You could make a movie about the way Sigal Farkash spends the High Holy Days. In a way, someone already has.
“Have you ever seen the movie ‘My Big Fat Greek Wedding’? That’s how we celebrate,” the Israeli from Sherman Oaks said, describing the lively atmosphere of food and family that pervades this time of year.
Fariba Gowhari, on the other hand, associates the Days of Awe with the time she spends at shul with other Iranian Jews — although instead of sitting quietly and attentively like many of their American counterparts, those at her services tend to be busy socializing and laughing.
It only goes to show that while the High Holy Days may preach the same annual message — repent for your sins of the past year and envision a positive new one — the customs practiced on Judaism’s two most sacred days can be vastly different for each individual, each family and each cultural community.
As a cross-section of nationalities — and Jews — the Conejo and San Fernando valleys provide fertile ground for examining the many ways of finding meaning in the High Holy Days.
Celebrating at Shul
First and foremost, the holiness of this time of year calls to mind visits to synagogues. But just where to attend can have tribal underpinnings.
Amir Gnessin, an Israeli living in Woodland Hills, said the majority of Israelis he knows here go to Chabad to pray during the High Holy Days because — as most congregations in Israel are Orthodox — they feel comfortable in a more religious setting, no matter what their level of general observance.
Mira Paz of Agoura Hills attends Chabad’s services held at the Hyatt Hotel in Westlake Village, and she said that she has become more religious since moving from Israel to the United States. Here, she explained, Jews are a minority and she embraced religion in a more concrete way in order to maintain that aspect of her identity.
“Here it’s very important for me to belong. And that’s part of why I go to synagogue — especially on the High Holy Days — to feel like part of a group that has a tradition and to celebrate the holidays in the same way,” Paz said.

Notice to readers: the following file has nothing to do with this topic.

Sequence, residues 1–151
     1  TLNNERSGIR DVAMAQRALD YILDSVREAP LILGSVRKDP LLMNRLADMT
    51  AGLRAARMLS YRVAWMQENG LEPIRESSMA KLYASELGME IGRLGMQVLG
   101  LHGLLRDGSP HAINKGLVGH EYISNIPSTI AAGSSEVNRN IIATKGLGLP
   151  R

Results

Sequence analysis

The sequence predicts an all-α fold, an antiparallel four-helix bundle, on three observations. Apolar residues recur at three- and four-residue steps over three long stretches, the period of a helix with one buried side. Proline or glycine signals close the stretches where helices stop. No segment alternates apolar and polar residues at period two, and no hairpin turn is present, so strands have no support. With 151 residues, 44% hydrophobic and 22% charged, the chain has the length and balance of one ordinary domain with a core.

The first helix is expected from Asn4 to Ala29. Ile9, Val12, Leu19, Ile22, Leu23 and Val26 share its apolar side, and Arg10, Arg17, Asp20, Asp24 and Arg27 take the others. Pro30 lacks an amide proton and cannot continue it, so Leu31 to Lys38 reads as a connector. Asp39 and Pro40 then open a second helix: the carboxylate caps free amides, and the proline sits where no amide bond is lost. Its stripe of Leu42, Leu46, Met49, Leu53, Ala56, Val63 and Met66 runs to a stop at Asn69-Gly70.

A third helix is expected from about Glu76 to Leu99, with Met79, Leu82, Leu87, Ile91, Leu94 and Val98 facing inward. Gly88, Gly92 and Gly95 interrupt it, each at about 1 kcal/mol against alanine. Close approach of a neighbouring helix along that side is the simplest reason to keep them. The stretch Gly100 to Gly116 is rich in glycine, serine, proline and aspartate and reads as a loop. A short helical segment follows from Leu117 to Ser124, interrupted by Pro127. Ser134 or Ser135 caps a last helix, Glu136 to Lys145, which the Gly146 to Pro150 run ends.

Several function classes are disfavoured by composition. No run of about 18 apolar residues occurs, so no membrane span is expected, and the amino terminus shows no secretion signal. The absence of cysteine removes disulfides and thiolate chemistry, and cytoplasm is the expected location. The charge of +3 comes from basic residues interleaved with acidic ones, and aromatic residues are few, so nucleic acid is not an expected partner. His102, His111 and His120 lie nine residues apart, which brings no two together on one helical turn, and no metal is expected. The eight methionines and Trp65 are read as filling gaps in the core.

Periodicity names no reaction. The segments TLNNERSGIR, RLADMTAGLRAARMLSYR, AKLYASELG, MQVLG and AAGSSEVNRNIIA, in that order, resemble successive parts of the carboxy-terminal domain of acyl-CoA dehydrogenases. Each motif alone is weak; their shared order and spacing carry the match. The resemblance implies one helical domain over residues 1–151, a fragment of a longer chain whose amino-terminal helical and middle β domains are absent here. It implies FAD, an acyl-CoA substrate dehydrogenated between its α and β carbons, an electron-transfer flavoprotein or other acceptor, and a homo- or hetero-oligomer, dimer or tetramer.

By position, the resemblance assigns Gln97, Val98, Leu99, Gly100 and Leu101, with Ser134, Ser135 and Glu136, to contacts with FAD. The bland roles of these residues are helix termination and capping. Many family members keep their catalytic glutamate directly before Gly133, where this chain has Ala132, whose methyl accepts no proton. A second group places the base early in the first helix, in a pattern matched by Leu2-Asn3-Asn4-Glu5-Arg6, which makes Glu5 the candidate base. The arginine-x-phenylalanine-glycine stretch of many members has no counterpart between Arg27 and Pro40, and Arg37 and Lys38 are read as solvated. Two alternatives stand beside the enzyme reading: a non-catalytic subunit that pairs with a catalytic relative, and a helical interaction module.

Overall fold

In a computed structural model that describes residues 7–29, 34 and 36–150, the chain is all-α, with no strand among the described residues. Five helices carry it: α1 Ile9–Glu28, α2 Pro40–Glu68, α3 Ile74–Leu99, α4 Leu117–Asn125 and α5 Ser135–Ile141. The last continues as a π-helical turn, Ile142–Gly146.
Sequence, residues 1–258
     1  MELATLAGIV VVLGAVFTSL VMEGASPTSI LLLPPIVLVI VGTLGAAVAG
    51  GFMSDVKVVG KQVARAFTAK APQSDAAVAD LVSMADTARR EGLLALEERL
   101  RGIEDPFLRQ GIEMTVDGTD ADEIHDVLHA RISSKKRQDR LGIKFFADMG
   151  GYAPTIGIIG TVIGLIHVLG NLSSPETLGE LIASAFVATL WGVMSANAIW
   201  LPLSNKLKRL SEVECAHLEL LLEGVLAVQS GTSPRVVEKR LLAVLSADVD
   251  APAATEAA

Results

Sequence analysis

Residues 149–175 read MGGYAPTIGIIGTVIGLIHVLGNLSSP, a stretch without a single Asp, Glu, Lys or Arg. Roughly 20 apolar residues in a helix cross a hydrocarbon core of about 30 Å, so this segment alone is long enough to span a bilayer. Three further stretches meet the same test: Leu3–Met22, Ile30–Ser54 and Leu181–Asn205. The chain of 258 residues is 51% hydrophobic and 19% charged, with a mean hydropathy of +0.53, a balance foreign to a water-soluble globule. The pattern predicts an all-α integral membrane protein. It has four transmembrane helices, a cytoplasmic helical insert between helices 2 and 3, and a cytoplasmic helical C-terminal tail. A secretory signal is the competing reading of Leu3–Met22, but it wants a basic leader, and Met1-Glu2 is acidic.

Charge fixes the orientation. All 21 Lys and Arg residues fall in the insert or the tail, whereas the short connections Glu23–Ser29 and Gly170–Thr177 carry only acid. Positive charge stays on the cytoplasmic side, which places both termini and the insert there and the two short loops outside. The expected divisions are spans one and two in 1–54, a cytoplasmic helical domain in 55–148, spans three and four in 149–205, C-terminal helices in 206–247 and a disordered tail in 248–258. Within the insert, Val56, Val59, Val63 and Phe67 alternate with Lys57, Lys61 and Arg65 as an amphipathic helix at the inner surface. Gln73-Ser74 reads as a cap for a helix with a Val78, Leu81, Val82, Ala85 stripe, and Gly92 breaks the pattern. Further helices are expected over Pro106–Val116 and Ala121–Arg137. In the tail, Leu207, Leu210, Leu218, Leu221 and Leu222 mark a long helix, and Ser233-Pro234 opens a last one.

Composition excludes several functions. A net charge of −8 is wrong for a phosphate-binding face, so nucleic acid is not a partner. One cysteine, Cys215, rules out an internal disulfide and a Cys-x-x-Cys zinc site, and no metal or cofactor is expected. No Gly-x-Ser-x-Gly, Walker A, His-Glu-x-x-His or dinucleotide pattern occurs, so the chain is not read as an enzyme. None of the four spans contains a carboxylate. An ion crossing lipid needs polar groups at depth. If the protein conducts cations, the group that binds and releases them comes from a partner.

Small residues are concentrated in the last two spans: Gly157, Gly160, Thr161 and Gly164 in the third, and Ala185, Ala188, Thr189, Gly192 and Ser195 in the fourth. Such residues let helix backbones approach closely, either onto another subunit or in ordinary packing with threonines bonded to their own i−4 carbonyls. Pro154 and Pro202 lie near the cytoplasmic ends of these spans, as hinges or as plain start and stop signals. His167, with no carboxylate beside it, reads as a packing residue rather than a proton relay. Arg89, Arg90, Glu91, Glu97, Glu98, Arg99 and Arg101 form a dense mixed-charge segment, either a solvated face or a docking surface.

Gnessin said he attends services at a Reform temple because he likes the rabbi there, but he still feels like an anomaly.
“As an Israeli in an American congregation, I must say that I feel like an observer,” he said. “I feel comfortable, I like it, but I don’t have a sense of belonging to the congregation.”
Gnessin said he and his family wear white clothing as a symbol of purity on the High Holy Days, but also for another reason — members of kibbutzim in Israel would receive one set of clothes for work and one set of “holiday clothes,” which were white.
Many Iranian Jews attend services at Sephardic congregations in search of a sense of belonging, such as the Eretz Cultural Center, the Hebrew Discovery Center or the Netan E-Li Synagogue, all in the San Fernando Valley. Gowhari of Tarzana used to attend a Reform congregation but said she felt a yearning for the memories of her childhood synagogue.
“This is not home for me, and I often feel like a stranger here,” Gowhari said. “Yes, of course, the bond of Judaism is there. It’s just that there are other pieces missing, like my identity as a Persian. There will always be something missing.”
Gowhari said she now attends services at different Iranian synagogues, which typically rent out big salon rooms in hotels or auditoriums in schools to accommodate the thousands of people who come to pray.
The result? Lots of shmoozing.
“It’s more like a social event rather than listening to what the rabbi has to say,” Gowhari said. “It’s not that they don’t listen, it’s just that the services have a more social meaning rather than an officially religious one.”
Food and Family
While some Jews search for different levels of belonging by going to synagogues, others, like Farkash, haven’t been to temple at all during the past few years. For her, the High Holy Days are a time to spend with family.